Let’s see how the device responds to changes in the magnetic field. Assume that a north polarity field is applied to the sensor and we gradually increase the applied field (make it more positive). For B < BOP, the device is off and the output is logic high. As the applied magnetic field becomes larger (or more positive) than the threshold value BOP, the device turns on and the output switches to the opposite state (logic low). The transfer function for an increasing B-field is shown by the blue curve in the figure.
How does the activated device respond to a decreasing field? For a decreasing magnetic field, the device remains on (logic low) until the applied magnetic field becomes less than BRP. This is shown by the red curve in the above figure. For B < BRP, the device turns off and the output goes to logic high.
Hence, the switching threshold for an increasing magnetic field is different from the switching threshold for a decreasing field. This hysteresis is intentionally designed to have a clean switching at the output. Mechanical vibrations in a Hall effect sensing system as well as electrical and electromagnetic noise can introduce noise into the sensed magnetic field. The B-field noise around the threshold levels can lead to indeterminate, rapidly changing fluctuations at the output of the Hall sensor (Figure 4). These unwanted fluctuations are removed by making the thresholds of the increasing and decreasing fields slightly different.
Figure 4. Without hysteresis, the output can be indeterminate around the threshold.
As we saw above, the operation of a unipolar switch can be described by two different parameters: BOP and BRP. BOP stands for the “magnetic operate point” or simply the “operate point”. This indicates the threshold level for an increasing magnetic field above which the sensor turns on. BRP is the “magnetic release point” or simply the “release point”. It indicates the threshold level for a decreasing magnetic field. For B < BRP, the device is off. The hysteresis is represented by BHYS which is given by:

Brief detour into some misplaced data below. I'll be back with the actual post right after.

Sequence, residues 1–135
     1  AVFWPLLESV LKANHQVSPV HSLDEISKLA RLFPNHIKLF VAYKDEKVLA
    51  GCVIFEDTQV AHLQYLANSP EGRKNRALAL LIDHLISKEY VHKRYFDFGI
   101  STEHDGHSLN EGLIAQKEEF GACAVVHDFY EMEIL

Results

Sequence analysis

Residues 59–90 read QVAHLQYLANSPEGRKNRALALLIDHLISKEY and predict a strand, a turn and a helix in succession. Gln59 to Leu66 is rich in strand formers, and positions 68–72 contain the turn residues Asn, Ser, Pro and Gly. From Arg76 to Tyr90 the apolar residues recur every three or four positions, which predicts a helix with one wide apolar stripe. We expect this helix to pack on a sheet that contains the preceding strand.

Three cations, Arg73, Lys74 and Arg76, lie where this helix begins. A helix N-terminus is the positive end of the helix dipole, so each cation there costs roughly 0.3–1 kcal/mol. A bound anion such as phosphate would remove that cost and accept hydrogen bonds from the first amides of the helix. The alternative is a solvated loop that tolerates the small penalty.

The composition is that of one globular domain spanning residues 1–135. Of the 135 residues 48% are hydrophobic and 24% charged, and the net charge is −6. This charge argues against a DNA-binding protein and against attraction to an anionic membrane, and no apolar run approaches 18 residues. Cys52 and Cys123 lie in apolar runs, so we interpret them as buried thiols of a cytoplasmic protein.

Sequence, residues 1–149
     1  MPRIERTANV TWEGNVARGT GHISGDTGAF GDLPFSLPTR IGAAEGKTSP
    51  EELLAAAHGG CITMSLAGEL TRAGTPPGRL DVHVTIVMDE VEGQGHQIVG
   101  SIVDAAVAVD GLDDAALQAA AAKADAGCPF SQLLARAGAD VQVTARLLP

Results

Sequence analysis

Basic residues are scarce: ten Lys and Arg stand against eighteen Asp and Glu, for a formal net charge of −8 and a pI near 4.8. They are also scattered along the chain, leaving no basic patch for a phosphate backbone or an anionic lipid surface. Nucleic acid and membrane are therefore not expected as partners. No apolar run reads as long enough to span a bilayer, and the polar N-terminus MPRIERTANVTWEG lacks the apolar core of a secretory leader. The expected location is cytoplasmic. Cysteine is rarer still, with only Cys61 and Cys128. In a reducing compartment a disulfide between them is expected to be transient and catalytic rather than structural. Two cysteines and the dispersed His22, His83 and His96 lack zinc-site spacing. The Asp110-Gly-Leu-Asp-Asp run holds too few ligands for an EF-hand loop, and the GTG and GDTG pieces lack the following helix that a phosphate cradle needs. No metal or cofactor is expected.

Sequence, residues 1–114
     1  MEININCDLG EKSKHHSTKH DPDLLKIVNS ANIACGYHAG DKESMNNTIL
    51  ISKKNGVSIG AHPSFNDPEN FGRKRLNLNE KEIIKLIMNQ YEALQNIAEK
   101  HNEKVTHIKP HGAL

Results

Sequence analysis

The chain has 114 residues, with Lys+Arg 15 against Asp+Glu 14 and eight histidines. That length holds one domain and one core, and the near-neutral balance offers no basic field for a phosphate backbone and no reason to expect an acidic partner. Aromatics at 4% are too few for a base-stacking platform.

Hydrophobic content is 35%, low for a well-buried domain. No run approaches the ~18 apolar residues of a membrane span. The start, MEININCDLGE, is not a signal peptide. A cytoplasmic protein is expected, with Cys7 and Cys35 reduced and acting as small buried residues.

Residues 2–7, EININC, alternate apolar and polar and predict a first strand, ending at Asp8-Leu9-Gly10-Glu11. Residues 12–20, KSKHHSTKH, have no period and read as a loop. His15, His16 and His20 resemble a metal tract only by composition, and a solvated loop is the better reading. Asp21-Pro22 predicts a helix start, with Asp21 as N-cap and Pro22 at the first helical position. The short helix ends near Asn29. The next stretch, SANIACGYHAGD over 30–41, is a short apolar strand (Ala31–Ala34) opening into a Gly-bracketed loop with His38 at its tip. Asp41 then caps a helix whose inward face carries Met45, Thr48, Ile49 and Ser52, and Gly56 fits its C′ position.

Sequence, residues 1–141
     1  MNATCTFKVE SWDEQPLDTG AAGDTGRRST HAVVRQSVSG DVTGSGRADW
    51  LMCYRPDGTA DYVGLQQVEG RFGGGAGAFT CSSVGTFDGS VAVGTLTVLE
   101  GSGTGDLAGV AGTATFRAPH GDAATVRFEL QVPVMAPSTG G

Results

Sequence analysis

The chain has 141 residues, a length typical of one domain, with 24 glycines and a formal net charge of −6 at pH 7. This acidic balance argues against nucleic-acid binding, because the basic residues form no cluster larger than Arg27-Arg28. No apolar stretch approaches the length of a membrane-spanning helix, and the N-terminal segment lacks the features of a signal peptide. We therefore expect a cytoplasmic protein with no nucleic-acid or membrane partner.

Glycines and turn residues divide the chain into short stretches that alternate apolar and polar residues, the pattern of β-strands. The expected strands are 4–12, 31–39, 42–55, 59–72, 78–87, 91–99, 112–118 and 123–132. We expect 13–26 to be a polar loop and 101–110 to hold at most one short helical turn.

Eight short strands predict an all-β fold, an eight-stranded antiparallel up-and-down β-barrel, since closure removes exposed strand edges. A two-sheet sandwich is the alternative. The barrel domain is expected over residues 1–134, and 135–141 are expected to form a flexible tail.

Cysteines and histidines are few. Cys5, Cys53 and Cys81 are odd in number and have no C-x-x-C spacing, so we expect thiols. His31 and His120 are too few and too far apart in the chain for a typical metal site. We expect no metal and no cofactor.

BHYS = BOP − BRP
We’ll discuss below that a similar notation can be used to describe the operation of the other types of digital Hall devices.
Note that depending on the sensor electronic design, the on and off states of the sensor output might be the opposite of that depicted in Figure 3 (logic low when the device is off and logic high when it is on).
The transfer function of an omnipolar switch is shown in Figure 5.
An omnipolar switch turns on with either a strong positive field or a strong negative field. As shown in the figure, when the magnitude of the magnetic field becomes larger than BOP (|B| > BOP), the device switches on and the output goes to logic low. When the magnitude of the B-field becomes less than BRP (|B| < BRP), the sensor turns off and the output goes to logic high. The blue curve shows the sensor output when the B-field changes from a large negative value to a large positive value. The red curve shows the output for a decreasing B-field. With an omnipolar switch, the magnitude of the operate point is the same for both positive and negative B-fields. Similarly, the release point magnitude is the same for both south and north polarity fields.